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Assyrians/Syriacs in Sweden: Wikis


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In the latter part of the 1970s, about 12,000 Assyrians/Syriacs from Lebanon, Turkey and Syria immigrated to Sweden. They considered themselves persecuted for religious reasons, but were never acknowledged as refugees. Those who had already lived in Sweden for a longer period were finally granted residence permit for humanitarian reasons.[1] About 90,000 to 120,000 Assyrian/Syriacs live in Sweden today, and are settled in central and southern Sweden. Most of Assyrian/Syriacs belong to the Syriac Orthodox Church, and there is around 40 Syriac churches in Sweden, whereas 5 churches in Södertälje.

There is an ideological division of this group in Sweden between[2]

To account for this division, official Swedish sources refer to the group as "Assyrier/Syrianer", with a slash (similar to the US census, which opted for "Assyrian/Chaldean/Syriac").

Södertälje, a municipality in Sweden, is often seen as the unofficial Assyrian/Syriac capital of Europe due to the city's high percentage of Assyrians/Syriacs. Some Swedish professional football (soccer) teams are Assyriska Föreningen, Syrianska Botkyrka IF, Syrianska FC and Valsta Syrianska IK. The international TV-channels Suryoyo Sat and Suroyo TV are also based in Södertälje. More than 22,000 Syriacs live in Södertälje and over 40,000 in Stockholm County. Other cities with notable Assyrian/Syriac residents are Västerås, Göteborg, Norrköping, Linköping and Örebro.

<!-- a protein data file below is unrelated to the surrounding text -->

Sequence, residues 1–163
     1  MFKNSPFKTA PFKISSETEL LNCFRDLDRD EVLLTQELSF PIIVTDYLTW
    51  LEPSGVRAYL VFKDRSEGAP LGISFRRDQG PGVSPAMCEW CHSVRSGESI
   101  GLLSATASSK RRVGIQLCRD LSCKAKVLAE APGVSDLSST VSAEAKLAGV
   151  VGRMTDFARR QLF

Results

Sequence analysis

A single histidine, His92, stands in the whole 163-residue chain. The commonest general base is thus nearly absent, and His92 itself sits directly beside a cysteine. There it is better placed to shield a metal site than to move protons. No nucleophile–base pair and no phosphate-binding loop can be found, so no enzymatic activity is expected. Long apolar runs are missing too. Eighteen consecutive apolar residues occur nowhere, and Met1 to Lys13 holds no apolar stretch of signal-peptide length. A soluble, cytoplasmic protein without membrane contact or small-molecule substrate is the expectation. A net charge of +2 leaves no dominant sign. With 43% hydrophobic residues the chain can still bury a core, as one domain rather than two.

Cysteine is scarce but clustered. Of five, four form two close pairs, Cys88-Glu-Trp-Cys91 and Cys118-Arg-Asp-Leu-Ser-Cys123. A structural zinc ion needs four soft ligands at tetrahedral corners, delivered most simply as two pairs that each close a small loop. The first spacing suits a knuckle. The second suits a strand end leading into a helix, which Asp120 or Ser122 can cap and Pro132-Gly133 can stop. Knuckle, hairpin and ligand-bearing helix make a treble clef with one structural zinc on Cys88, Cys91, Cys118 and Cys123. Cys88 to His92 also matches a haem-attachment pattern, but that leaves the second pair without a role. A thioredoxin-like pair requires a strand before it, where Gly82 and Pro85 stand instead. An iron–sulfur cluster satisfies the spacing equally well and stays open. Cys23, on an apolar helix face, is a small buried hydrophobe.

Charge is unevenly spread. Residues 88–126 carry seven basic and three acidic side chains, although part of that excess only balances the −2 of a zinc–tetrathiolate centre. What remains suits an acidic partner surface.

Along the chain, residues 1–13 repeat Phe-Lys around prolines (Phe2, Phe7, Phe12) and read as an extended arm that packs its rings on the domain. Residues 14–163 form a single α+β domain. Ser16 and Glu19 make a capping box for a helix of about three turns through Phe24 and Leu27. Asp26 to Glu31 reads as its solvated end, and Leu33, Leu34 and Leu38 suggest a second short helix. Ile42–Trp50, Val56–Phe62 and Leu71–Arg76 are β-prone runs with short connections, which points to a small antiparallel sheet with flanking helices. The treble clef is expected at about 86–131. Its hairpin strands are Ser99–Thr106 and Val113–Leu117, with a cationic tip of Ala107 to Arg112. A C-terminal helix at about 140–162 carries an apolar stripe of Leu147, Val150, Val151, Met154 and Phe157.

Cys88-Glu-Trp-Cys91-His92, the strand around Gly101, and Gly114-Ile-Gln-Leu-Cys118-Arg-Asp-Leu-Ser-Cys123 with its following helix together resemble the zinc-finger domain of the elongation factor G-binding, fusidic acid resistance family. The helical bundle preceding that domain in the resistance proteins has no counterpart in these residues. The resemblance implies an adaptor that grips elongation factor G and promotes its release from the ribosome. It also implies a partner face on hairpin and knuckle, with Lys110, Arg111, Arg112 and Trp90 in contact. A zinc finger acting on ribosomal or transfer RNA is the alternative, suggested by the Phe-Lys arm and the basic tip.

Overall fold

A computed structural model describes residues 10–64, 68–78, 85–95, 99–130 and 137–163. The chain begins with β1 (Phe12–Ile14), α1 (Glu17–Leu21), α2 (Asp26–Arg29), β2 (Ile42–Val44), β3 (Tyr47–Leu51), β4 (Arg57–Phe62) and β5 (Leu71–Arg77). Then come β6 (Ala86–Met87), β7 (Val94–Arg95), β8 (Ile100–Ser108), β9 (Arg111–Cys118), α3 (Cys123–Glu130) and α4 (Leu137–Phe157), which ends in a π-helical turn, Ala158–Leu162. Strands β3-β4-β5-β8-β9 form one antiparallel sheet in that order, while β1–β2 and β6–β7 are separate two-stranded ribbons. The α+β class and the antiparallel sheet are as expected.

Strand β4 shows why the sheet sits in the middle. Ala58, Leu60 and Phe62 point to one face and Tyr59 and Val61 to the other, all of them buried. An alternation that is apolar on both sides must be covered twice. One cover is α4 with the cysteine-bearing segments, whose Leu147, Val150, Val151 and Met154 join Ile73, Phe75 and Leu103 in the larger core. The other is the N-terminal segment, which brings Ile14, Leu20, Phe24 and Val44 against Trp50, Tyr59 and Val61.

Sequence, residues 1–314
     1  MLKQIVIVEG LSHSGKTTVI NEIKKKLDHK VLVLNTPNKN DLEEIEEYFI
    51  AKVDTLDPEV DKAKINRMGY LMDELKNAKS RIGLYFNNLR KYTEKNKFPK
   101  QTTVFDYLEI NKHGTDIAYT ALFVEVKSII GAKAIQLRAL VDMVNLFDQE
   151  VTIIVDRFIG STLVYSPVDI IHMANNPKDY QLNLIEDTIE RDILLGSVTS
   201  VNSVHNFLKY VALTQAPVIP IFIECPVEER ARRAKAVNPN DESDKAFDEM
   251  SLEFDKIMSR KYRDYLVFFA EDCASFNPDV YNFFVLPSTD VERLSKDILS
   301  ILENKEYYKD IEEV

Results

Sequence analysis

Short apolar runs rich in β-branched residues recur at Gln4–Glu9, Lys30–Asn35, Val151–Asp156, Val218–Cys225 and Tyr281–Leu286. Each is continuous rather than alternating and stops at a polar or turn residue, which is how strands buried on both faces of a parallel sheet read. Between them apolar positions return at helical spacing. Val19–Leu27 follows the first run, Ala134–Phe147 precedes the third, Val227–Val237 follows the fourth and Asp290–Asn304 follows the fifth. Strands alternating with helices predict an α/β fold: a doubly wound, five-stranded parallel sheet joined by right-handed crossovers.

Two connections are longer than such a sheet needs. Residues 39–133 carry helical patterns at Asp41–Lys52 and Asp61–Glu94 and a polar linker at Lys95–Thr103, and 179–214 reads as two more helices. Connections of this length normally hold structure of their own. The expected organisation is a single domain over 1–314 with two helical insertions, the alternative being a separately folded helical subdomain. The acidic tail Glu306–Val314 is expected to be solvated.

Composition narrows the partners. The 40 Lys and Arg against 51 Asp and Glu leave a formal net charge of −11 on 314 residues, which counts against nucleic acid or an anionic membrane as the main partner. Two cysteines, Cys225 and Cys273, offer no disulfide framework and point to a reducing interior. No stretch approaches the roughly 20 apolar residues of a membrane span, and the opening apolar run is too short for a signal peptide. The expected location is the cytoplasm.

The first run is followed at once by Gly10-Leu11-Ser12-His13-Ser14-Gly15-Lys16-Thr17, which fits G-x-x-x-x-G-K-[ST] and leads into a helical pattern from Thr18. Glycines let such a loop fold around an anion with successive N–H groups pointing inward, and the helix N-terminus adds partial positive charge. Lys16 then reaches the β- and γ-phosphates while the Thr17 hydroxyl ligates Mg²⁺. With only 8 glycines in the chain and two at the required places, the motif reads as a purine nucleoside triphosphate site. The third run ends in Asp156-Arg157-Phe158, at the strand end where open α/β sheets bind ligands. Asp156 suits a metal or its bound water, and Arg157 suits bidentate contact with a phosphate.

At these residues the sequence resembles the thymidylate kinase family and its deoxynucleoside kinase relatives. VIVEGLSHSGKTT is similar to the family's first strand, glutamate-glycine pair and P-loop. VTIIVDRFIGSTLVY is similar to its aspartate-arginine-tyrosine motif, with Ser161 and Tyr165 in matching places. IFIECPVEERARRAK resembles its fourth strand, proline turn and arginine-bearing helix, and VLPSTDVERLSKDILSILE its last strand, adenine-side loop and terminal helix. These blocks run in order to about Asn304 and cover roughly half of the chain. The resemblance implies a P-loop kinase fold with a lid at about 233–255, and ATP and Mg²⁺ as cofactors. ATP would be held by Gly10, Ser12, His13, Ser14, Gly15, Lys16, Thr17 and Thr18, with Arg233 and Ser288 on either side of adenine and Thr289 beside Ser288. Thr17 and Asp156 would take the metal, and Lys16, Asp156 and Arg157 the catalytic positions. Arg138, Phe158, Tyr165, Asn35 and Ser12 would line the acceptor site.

Between 2005 and 2006, Assyrian/Syriac Ibrahim Baylan served in the Swedish government as Minister of Education.[3]


Famous Swedish Assyrians/Syriacs







  • Elizabeth Fritz
  • Rakel Chukri



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